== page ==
The UK Health and Safety Agency (UKHSA) said the virus was detected in samples taken between February and June at the Pecton sewer, which serves about four million people in the north and east of the capital.
The UKHSA says its detection of the polio virus “suggests there may have been some outbreak between people with close ties in north and east London”, although so far it has not identified any cases of the infected person, only the virus. Found in the sewer.
Until now it has been “normal” to be diagnosed with one to three cases per year by people who are vaccinated abroad by oral vaccines made with live virus that can leave traces in the stool.
However, this method suggests that the evidence is for a virus that has continued to develop and is now classified as a “vaccine-derived type 2 poliovirus” that can cause severe symptoms such as stroke in those who are not vaccinated.
According to officials, the majority of people were vaccinated against the disease in childhood, but some communities have low-level vaccines, which increase the risk of infection, so people are being asked to look at bulletins and renew vaccines. .
According to the BBC, only 86% of Londoners take the three doses, which is 92% higher than in other parts of the UK.
The health agency believes the virus may have come to the UK from someone who was vaccinated in Afghanistan, Pakistan or Nigeria earlier this year and that person may have infected other people.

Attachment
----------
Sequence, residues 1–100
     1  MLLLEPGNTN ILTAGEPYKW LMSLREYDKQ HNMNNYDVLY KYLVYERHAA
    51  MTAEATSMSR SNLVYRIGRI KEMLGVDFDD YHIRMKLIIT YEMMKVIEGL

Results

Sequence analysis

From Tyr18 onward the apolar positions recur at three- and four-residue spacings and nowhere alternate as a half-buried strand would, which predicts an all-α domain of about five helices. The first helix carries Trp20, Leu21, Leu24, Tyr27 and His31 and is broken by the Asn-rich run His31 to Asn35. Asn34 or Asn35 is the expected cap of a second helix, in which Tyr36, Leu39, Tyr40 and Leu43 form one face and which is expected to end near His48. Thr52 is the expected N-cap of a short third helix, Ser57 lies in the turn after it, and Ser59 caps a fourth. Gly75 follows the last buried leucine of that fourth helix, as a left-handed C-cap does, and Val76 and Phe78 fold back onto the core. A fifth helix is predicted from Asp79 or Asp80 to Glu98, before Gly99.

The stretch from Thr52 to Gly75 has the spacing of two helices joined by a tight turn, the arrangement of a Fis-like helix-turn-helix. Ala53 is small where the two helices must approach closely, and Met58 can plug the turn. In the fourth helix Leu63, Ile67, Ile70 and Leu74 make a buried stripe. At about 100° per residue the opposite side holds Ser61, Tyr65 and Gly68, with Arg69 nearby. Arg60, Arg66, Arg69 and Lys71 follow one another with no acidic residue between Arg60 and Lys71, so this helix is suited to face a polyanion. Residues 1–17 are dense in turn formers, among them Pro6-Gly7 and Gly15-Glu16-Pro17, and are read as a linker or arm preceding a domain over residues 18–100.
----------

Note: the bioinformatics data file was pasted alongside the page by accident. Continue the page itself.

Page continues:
The UKHSA urged physicians and health professionals to “investigate and report suspicious cases of acute renal failure in detail,” which could not be explained by non-infectious causes.
It calls on health centers to check whether patients have been vaccinated against polio, and to give “special importance” to vaccinating “new immigrants, asylum seekers and refugees”.
Polio is an incurable disease that mainly affects children under the age of five and can only be prevented by vaccination.
In some cases, this can cause limb paralysis.
The virus is easily transmitted when an infected person coughs or sneezes, and it can also be spread through food or water that comes in contact with an infected person’s stool.
The last case of polio in the UK was reported in 1984 and the virus was declared eradicated in 2003.
Although eradicated in most parts of the world due to a major vaccination program, the polio virus persists mainly in Afghanistan and Pakistan.
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